But that is a normal dissociative process. So we should distinguish this from trauma induced dissociations, dissociation.

Before I go into the theory itself and what it says and what lessons we can learn from the theory when it comes to cluster B personality disorders, which I personally think are post-traumatic states, post-traumatic conditions.

I think all the so-called dramatic or erratic personality disorders and some others, like for example, schizotypal, paranoid, etc., I think many personality disorders are actually post-traumatic conditions and should be totally reconceived in terms of post-trauma.

So this theory is very useful in an attempt to understand the wider context of what today we call, in my view, erroneously, personality disorders. These are not personality disorders. These are disorders of integration. These are disorders of synthesis, of personification, of presentification. These are procedural disorders. These are disorders of process, all disorders of substance.

But that's another debate. Before we go to the theory itself and what it says about dissociation, I have to, because I used to be a journalist, so we always bring the two sides.

So I have to mention what the skeptics are saying. The skeptics are saying that trauma is aphantasies. Dissociation does exist, but it produces phantasies of trauma. The person is asking herself, why am I forgetting things? Why am I dissociating?

Ah, probably I was traumatized. And then when was I traumatized? Well, let me think, did my father ever touch me inappropriately? Let me think real hard. Let me imagine this. Wow, I think he did. This is called false memory.

So dissociation produces false memories and phantasies of trauma. And that is true. It's been documented many times, multiple times. Therapists who are not skilled and not adept and frankly, narcissistic, have personality problems of their own. This kind of therapist, they tend to induce false memories and phantasies of trauma because they force the patients, their patients to please them, to gratify them and the patient is terrified to lose the therapist. So we tell the therapist anything and then the patient convinces herself that it actually had happened, a process known as confabulation.

So the skeptics say most of the so-called traumas are actually phantasies of traumas, false memories and so on. They say that dissociative disorders are artifactual conditions, artifacts, not really. And they are produced by yatrogenesis. I mean, the therapist creates them in the patient or even by social cultural factors in some societies, some cultures. When things change, there's a place for redefining some behaviors as trauma.

For example, I grew up in a society where it was perfectly acceptable to physically to beat up children. Children were beaten physically, regularly. And in that society, the physical behavior, the physical communication mode of the parent was actually proof of love.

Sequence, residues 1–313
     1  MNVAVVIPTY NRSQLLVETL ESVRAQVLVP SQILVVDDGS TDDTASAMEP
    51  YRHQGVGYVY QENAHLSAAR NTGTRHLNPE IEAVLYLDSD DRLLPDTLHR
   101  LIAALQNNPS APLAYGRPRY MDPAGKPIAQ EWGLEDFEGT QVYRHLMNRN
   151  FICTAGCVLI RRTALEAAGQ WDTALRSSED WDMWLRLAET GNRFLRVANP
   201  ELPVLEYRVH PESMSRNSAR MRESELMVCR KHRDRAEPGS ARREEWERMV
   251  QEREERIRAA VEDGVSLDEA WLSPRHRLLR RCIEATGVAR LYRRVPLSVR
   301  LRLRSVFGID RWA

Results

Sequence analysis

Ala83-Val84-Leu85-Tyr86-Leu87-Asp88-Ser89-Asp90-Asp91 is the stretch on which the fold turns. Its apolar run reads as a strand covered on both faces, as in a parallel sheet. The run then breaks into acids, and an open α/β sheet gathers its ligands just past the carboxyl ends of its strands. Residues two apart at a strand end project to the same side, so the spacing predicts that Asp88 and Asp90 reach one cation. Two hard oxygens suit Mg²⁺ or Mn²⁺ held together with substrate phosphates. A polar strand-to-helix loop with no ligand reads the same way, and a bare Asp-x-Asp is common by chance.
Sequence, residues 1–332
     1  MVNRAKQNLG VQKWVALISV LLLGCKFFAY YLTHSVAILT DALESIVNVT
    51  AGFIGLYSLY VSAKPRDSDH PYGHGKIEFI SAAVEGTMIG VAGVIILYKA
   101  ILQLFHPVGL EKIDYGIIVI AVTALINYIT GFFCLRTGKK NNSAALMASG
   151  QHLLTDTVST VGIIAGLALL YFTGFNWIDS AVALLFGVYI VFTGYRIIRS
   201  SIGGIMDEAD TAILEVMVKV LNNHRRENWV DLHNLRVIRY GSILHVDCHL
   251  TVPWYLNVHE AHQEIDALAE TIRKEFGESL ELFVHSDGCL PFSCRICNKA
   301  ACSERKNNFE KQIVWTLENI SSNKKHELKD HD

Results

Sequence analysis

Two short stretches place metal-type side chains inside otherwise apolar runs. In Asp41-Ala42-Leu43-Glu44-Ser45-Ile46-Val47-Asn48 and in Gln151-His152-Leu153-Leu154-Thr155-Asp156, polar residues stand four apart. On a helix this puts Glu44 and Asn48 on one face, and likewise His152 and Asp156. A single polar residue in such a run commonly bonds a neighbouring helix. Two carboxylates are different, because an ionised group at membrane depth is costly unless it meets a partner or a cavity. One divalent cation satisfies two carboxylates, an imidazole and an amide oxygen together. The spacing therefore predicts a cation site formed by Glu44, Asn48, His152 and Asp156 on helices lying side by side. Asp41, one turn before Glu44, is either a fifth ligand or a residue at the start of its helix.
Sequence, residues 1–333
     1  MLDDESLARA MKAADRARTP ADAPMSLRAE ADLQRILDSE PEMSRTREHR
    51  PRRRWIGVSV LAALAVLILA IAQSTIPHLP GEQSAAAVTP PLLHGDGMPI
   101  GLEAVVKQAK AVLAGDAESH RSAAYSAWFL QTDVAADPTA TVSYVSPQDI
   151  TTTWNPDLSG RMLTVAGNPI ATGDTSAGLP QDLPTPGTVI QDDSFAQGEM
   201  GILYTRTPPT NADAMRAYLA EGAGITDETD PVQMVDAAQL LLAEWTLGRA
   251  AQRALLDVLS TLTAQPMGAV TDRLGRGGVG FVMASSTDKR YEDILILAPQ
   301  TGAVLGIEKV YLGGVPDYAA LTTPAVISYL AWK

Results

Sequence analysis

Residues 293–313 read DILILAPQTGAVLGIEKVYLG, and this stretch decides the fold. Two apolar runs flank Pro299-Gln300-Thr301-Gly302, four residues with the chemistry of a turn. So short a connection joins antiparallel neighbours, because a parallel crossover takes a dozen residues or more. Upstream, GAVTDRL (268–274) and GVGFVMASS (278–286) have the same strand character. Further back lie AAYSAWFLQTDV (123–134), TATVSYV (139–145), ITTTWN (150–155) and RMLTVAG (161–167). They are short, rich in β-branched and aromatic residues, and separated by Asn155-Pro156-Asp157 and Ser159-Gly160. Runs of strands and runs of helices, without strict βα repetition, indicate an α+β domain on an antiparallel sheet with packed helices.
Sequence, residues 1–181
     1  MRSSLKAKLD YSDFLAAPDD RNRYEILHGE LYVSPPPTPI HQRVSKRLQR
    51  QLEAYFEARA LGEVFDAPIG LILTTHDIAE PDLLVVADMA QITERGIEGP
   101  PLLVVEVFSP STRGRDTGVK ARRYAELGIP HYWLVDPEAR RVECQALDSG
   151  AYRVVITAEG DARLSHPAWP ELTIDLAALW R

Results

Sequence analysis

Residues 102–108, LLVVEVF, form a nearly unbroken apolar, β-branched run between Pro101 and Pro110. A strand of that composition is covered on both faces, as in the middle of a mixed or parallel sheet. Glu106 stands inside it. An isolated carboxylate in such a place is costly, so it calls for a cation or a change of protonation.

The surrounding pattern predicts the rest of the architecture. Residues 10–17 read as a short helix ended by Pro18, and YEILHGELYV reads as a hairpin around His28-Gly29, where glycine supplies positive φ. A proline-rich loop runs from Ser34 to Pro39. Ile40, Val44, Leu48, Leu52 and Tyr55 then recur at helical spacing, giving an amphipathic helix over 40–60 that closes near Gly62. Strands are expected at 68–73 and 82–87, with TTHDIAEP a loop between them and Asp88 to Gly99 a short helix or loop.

But of course, as the context change, it's now perceived as physical abuse and even, I would say, traumatic physical abuse. Trauma is heavily culture-dependent, period-dependent, but I must say, having presented the skeptics point of view, I wholeheartedly, fervently, fervidly, vehemently, and believe me, I know many other words, disagree, because the preponderance and abundance of clinical data and research do not support this view.

There is clear, a linear relationship and proportional correlation and causation between childhood abuse and trauma, as they are defined even socio-culturally, when they are culture or society incongruent.

So everywhere in the world incest is considered abuse. There are things which are universally considered abusive, regardless of the culture or society of the period.

So when we trace back childhood memories of this kind of abuse, we end up having dissociation and many, many of what today we call personality disorders, such as borderline personality.

So without further ado, and to cut a long story even longer, let's delve into the issue of dissociation.

The preeminent scholar of dissociation, Freud and Vrierere, was Genet. In 1907, which is when the last dinosaurs still walked the earth and played with me as a kid, in 1907, Genet wrote that dissociation is when there are two or more systems of ideas and functions that constitute personality.

In other words, Genet actually was describing what later in the 60s and 70s used to be called multiple personality disorder.

When the personality fragmented, broke down into two discernible selves, full-fledged almost, which could easily be described as a separate personality.

That was Genet. It's a very restrictive view of dissociation, and today we don't hold this view any longer, at least not exclusively.

In other words, we don't think that dissociation is only when you have multiple personality.

And he said that dissociation is the result of inability to integrate owing to physical illness, exhaustion, stressors, stressful situations, and young age, and that it leads to pathological alterations in consciousness, to greater emotivity, to reactive behaviors and beliefs.